I tried to remain undetected from the corner of the alleyway so not to disturb the moment, and was able to capture this scene.
"Traditional vs. Modern" is a theme that ran throughout my journey. Nearly every news story that I had read about China spoke of the changes to that country - the western commercial influences, the tearing down of traditional hutongs to make way for office buildings, the demise of the old way of life and the question of what effect such changes will have on the culture. And it was clear to me, from all the building cranes and Kentucky Fried Chicken outlets that I spotted in the most unexpected places, that "progress" was certainly on the march.
Along Shanghai's Bund, I came across this rare tranquil scene amongst the throngs of tourists - a senior man overlooking the gleaming modern skyscrapers of the Pudong District across the river, a not too subtle metaphor of the past contemplating the future.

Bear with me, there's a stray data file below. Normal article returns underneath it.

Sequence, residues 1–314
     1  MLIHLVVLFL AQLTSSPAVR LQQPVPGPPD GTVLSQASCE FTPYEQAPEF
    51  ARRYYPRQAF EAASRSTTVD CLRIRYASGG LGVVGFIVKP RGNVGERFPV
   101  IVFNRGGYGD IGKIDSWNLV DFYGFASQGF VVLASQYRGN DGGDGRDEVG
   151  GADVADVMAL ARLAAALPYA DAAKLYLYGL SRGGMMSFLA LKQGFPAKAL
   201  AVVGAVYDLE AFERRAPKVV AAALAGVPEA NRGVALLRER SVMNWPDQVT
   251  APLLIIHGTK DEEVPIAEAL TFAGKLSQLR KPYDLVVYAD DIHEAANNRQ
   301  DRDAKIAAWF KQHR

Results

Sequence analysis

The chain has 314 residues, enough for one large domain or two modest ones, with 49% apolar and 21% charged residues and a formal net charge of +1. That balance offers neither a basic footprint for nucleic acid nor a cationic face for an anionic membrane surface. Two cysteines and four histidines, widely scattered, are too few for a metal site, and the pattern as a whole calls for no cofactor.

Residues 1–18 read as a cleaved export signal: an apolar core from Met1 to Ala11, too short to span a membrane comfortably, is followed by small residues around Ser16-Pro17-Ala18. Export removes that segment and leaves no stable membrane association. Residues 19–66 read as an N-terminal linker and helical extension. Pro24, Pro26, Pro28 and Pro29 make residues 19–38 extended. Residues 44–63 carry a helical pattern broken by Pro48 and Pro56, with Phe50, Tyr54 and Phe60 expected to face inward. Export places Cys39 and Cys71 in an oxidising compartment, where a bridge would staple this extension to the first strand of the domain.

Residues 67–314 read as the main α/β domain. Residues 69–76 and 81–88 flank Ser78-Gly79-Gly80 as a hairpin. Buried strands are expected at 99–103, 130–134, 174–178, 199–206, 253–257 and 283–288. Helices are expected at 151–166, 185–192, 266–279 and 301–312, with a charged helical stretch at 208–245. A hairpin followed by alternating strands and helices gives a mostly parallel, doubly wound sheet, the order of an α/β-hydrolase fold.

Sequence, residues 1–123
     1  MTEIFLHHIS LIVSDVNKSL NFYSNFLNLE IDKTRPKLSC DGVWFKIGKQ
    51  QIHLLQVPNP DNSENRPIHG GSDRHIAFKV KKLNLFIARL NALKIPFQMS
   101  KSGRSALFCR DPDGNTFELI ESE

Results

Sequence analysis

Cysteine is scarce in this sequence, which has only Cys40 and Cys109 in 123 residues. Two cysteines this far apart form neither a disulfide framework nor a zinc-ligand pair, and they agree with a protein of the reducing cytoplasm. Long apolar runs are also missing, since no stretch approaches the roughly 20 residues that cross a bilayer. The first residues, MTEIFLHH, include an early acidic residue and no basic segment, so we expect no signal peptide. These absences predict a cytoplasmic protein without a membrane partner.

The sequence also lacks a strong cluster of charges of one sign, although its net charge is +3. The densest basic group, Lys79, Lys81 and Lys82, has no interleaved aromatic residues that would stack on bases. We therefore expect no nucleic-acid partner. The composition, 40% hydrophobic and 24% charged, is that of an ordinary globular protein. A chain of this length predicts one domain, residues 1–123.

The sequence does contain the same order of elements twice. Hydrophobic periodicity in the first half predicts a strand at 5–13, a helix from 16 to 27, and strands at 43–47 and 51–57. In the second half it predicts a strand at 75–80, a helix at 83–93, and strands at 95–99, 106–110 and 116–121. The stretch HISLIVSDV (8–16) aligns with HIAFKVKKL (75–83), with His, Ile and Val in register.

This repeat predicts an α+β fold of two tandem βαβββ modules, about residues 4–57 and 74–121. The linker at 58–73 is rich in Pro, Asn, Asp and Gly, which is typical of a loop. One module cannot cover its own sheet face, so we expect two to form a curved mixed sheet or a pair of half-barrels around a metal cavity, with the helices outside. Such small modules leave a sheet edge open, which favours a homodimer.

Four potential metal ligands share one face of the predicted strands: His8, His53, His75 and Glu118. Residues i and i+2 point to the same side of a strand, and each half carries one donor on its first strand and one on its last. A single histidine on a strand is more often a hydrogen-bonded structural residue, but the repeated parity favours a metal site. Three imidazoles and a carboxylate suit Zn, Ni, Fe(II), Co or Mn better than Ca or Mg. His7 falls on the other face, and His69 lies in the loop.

The man's face as an individual didn't matter, and would actually detract from my metaphor, so I was careful to shoot when he was looking in the distance while still making sure his age was apparent. I also wanted the man to serve as a surrogate for the viewer, so the viewer as well is against the wall overlooking the skyscrapers... and wondering too what the future has in store.
I now realize how wrong I was throughout the years. China is not far away at all. It is not an alien place where you must be “crazy” or “adventurous” to visit. And not because of the modernization and “westernization.” But because even in the most remote of regions where life cannot possibly seem more different than ours, a smile is still a smile.
The world changed into a very, very small place as a result of my time in China. I can’t wait to get out my pail and shovel again and discover where else my digging will lead.